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I recently began watching Hannibal on NBC, which has been subject to declining ratings since the first episode.  It started with 6.77 million viewers worldwide and dropped to 4.24 million by the 9th episode.  In the USA, it went from 1.8 million viewers for the premier to an eventual .8 million for the season finale (global numbers for the final episode are not yet tallied).  Other shows have been canceled with ratings almost 3x higher.  Furthermore, Hannibal is by Bryan Fuller, notoriously known for making brilliant television shows that get canceled after two seasons, such as the glorious Dead Like Me and the quirky Pushing Daisies.

For Hannibal itself, it is an inspired show, focusing more on a troubled detective, Will Graham, who has Aspergers and relies on Hannibal for help.  The show sits comfortably between Hannibal Rising and Manhunter/Red Dragon, filling a gap in the story.  The intention is to then serialize it into the events of Red Dragon, Silence of the Lambs, Hannibal and then go beyond.  It’s essentially a CSI show with Hannibal as a logically-placed cog in the machine.  The show dabbles into his story, how he relates to others with mental issues (including killers) and routinely shows him eating human flesh, but it the focal point is obviously Graham and the side stories.  This may not garner immediately high ratings for a show marketing on the titular character, but it seems a wise move for the longevity of the story.  Yes, I want to see Hannibal in full form and focus on him, but it makes sense to give us some time to get used to someone other than Anthony Hopkins as Hannibal as well as slowly getting in tune with this version of the character.

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Since season 2 has been approved to air on the 28th, let’s look at what the show has going for it:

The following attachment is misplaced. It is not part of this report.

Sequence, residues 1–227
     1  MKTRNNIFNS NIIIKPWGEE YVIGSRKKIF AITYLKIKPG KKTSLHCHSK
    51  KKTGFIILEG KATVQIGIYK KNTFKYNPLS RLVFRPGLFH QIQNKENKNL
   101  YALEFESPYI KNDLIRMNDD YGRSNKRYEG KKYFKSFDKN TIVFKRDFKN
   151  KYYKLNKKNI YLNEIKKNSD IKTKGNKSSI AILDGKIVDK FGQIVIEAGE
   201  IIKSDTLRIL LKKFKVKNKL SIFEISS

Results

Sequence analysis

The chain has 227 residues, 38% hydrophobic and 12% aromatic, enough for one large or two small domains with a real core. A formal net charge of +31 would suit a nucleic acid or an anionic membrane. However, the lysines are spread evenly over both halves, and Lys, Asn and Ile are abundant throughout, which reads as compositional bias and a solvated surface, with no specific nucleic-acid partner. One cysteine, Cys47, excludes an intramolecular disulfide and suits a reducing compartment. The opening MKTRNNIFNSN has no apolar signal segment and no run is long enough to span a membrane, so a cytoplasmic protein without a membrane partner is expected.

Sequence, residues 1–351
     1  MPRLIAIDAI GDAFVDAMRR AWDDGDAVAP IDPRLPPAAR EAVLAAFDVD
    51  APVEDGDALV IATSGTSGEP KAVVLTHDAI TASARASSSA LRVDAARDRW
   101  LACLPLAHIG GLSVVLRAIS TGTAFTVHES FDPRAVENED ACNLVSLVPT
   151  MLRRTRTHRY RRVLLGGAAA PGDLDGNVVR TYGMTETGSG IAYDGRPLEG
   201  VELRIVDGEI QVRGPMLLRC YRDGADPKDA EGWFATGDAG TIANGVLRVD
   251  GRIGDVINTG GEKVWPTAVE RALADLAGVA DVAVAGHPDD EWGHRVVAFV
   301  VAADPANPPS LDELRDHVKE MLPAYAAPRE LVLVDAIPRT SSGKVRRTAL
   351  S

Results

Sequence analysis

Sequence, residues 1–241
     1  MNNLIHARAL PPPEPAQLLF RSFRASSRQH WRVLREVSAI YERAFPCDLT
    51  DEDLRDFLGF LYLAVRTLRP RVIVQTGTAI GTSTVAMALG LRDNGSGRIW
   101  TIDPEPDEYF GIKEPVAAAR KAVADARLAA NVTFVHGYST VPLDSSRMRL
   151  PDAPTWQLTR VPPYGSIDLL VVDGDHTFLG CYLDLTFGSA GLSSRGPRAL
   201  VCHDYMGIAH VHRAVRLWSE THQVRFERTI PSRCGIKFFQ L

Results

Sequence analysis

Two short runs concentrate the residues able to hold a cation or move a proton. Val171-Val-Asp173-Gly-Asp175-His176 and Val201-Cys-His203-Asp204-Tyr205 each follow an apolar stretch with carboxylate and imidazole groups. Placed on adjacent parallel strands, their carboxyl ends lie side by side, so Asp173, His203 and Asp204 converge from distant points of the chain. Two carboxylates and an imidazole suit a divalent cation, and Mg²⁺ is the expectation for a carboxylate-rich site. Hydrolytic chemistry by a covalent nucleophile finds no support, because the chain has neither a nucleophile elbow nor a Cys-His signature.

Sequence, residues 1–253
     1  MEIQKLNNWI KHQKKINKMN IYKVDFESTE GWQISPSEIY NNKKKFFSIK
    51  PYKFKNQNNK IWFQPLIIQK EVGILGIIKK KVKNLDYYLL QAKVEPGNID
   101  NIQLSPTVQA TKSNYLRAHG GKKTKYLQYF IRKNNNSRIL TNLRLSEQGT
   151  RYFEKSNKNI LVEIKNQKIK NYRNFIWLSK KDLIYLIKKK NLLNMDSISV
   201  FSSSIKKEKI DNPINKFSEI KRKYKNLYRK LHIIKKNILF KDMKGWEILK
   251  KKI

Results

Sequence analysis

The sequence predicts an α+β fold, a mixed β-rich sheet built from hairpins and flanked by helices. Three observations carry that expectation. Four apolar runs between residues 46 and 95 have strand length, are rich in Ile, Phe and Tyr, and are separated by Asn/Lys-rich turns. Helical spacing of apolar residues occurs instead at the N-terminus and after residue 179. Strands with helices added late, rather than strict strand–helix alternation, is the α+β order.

• Loyal viewers have gotten a chance to digest the dynamic and it’s ready to ramp up
  • Each episode has an interesting crime with virtually no censoring the disturbing implications (it’s more violent than Dexter, yet NBC is willing to air it.  I’d prefer it on a premium channel, but oh well)
  • CBS executives haven’t cancelled it, despite ratings.  They like it and I imagine failing to build a viewership for such a huge license would be a blow.  It isn’t a critical failure, so why accept failure when there’s still a chance ratings will pick up?  NBC isn’t exactly known for high ratings to begin with
  • David Bowie just may be in Season 2
  • Bryan Fuller is one prepared dude.  He has the show mapped out miles ahead of what has been aired.  NCB knows what they’re getting and what people want.  The show’s identity is solid and things have a chance of picking up if that isn’t messed with.

As a whole, I have my doubts any one network will be patient enough to give Hannibal the full 7 seasons Fuller has planned, but I’m hoping Fuller finally gets to see one of his shows go through its natural progression.  It looks like it’ll become a glorious final product if it isn’t cut short.

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